By Kalyani Shankar
Will the poll strategist Prashant Kishor be an asset or a liability if he joins the Congress party? It is a million-dollar question as Kishor waits for the Gandhis to announce his induction.
This speculation arose after Kishor had a four-hour meeting with the Congress top brass, including the Gandhis, on the past Saturday, in which he had presented a road map for the 2024 Lok Sabha polls. Kishor discussed the big picture, why Congress has not done well, what ails the Congress in states where it has almost disappeared, and revealed his road map.
The meeting, held at Congress chief Sonia Gandhi’s 10 Janpath residence, came after the poll rout of the party in the recent five state Assembly polls. The Congress leadership has been grappling with repeated election defeats in the last two general elections and some state assembly elections and is desperate to clutch any straw.
Congress is not only facing desertions after the electoral defeats but also has an internal conflict between the old guard and the new generation. Dismayed at the leadership crisis, twenty-three leaders, including some former chief ministers and Union ministers, have demanded organizational restructure and party polls since last August.
The fact that the Gandhis reached out to Kishor-after his attempt last year to join the Congress fell through – shows that the family is looking for outside help. After the meeting, it was clear that he would be joining the Congress soon. However, Kishor is eying a top place in the party.
Revealing his strategy, Kishor suggested that the party focus on 370 to 400 seats of the 542 seats in Lok Sabha. It should contest alone in a few state Assembly elections where it is strong and( has remained either on the top or in the second position in previous polls and start afresh in states like Uttar Pradesh, Bihar, and Odisha, the party is insignificant.
In a recent interview with the news channel NDTV, he said: “If you take Bihar, West Bengal, Odisha, Telangana, Andhra, Tamil Nadu and Kerala—roughly 200 [Lok Sabha] seats—even at their popularity, the BJP has been able to win only 50-odd seats. In the remaining 350 seats, the BJP is sweeping everything.”
Congress circles are agog at the news of the new entry. There is a divided opinion among the senior leadership. They cannot digest that the Gandhis are toying with outsourcing the political leadership. Since the beginning, a large section of Congress leaders opposed the idea of Kishor’s entry at a level just below the Gandhis. The discontent may intensify with his induction when it is already grappling with the rebellious attitudes of the G-23 group.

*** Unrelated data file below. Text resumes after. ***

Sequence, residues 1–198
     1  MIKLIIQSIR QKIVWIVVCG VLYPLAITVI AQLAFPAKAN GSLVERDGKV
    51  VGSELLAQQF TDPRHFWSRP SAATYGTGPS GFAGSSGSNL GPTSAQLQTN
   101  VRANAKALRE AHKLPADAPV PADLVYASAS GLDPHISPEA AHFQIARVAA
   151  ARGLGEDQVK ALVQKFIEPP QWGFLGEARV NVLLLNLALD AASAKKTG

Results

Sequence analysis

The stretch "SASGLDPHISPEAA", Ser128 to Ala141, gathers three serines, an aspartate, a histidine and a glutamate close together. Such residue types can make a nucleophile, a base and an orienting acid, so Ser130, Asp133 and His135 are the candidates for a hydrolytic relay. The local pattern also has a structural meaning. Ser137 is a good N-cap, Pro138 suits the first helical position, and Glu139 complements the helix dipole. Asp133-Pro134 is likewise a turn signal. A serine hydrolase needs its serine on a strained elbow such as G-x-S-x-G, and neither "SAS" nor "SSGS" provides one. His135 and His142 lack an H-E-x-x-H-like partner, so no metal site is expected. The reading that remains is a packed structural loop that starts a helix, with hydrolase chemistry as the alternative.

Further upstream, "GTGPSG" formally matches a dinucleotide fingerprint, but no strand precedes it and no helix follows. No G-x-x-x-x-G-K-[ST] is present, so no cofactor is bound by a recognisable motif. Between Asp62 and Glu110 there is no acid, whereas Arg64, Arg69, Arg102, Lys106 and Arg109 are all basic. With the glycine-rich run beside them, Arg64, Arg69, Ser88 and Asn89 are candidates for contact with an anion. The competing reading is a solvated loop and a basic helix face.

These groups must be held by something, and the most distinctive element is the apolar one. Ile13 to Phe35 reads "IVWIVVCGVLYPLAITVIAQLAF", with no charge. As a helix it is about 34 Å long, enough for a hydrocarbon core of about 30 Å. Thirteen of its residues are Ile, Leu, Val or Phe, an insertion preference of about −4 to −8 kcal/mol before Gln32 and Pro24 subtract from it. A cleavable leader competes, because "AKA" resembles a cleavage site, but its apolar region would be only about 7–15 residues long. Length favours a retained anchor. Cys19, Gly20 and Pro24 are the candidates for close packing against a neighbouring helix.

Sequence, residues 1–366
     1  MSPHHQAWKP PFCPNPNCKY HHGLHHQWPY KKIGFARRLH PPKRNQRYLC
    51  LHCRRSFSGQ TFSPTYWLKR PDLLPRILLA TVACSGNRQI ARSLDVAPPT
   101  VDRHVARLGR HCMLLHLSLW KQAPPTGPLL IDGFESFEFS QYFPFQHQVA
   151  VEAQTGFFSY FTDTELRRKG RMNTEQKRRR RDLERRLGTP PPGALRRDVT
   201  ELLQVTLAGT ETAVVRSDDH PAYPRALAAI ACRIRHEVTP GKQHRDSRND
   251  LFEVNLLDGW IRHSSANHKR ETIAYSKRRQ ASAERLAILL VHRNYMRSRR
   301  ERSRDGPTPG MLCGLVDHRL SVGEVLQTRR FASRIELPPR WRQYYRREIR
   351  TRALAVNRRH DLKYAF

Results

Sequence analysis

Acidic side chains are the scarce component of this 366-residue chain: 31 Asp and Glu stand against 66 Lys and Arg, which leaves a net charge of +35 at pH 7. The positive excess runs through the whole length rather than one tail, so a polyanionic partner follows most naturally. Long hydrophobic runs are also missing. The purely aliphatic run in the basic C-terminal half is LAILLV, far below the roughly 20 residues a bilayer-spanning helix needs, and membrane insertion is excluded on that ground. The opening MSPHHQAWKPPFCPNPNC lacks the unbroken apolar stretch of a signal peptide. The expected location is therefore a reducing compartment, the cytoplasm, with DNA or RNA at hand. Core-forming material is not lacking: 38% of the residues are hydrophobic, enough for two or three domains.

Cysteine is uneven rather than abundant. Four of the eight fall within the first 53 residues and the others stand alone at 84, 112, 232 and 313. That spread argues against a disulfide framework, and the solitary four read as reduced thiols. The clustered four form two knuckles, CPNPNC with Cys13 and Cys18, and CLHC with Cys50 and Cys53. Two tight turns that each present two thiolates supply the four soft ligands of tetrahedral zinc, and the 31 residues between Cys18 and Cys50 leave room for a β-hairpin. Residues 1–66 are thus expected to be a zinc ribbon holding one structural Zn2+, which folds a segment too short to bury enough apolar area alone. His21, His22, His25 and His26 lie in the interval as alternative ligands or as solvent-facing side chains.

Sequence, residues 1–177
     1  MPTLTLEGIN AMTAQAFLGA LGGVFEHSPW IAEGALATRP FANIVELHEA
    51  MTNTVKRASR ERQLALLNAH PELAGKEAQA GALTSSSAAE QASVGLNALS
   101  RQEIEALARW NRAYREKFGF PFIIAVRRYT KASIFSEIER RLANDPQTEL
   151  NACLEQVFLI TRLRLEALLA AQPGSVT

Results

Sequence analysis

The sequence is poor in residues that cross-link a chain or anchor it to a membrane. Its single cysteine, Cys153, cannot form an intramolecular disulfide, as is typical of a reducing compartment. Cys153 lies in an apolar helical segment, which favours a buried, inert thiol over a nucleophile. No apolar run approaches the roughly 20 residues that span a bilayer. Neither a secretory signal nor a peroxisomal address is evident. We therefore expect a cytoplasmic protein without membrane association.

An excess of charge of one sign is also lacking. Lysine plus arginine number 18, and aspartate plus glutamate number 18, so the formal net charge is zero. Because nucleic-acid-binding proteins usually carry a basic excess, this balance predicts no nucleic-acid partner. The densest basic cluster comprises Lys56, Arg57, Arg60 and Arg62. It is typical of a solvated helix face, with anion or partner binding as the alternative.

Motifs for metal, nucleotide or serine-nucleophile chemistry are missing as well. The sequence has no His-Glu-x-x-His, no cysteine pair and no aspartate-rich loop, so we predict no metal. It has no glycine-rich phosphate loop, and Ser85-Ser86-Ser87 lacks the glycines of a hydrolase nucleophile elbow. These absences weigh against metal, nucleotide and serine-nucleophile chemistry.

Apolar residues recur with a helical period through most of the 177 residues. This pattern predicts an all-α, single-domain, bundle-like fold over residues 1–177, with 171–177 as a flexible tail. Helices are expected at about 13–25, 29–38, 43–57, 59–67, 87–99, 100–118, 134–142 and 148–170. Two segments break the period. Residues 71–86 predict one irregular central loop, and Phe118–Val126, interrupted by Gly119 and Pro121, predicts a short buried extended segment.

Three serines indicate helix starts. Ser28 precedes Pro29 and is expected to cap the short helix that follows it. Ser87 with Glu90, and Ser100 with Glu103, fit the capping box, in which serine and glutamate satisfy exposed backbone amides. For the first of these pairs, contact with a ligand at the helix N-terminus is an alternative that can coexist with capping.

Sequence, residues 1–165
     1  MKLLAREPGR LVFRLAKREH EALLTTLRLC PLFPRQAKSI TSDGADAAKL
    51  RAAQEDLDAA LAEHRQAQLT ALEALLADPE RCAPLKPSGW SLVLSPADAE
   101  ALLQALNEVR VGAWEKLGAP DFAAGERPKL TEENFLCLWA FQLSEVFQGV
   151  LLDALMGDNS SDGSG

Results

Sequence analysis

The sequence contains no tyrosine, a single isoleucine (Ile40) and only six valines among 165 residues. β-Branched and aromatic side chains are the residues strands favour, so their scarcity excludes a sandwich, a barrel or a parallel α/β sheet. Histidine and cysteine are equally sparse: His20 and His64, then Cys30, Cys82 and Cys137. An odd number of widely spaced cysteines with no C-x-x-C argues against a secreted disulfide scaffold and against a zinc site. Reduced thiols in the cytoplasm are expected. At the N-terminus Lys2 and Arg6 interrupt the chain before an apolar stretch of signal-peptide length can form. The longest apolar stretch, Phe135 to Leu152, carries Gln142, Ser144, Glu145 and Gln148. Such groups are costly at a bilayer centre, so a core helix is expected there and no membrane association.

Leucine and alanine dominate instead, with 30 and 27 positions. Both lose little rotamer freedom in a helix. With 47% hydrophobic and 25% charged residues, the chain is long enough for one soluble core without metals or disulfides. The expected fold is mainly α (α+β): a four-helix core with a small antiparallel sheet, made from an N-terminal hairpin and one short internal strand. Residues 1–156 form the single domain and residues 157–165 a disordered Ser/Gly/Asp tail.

While the rebels are looking at the pros and cons of Kishor’s entry, not as a mere adviser but as a decision-maker, they also fear his commitment to party ideology. This section feels that the party would better hire him as a consultant. They think that he should have no role in deciding alliances, candidates, seats, etc, which should be left to the political leadership.
Kishor’s negotiations with Congress are not new. Following the West Bengal Assembly polls last year, where his client, Trinamool Congress scored a thumping victory, he had a series of discussions with the Gandhis, but that fell through. After the party’s miserable performance in the recent five states polls, Kishor is back with his strategy and a long-term plan.
Prashant, a former health strategist, has moved into the rough and tumble world of politics since 2014 and helped Prime Minister Narendra Modi in his campaign. Since then, he has come a long way and is known as a poll strategist with a magic wand. He has since worked with almost half a dozen regional satraps and helped them defeat the BJP, including Mamata Banerjee (West Bengal). He had a disastrous debut with the Janata Dal (United), where he was vice president. His brief political stint did not last long, and he parted ways with the then J.D. (U) chief, Nitish Kumar.
Kishor charges a very high fee from his clients (political parties) and suggests the makeover of the leaders, campaigns, alliances, etc. His critics say that he always takes the winning party as his clients, but he failed in the case of Congress in U.P. The irony is that he has never fought an election.
In a BBC interview, Kishor claimed that he rarely watches news on T.V. and doesn’t read newspapers. He doesn’t write emails or take notes, and he hasn’t used a laptop in a decade. The only gadget he uses is his phone.
We had to wait and see how the cadres would react to the induction of Kishor. That he provokes discontent has been murmured in not only the Congress but also the TMC and other parties. TMC leaders like Dineshbhai Dwivedi had openly accused Kishor’s interference for their leaving the party. People will watch his stint as a Congressman keenly. (IPA Service)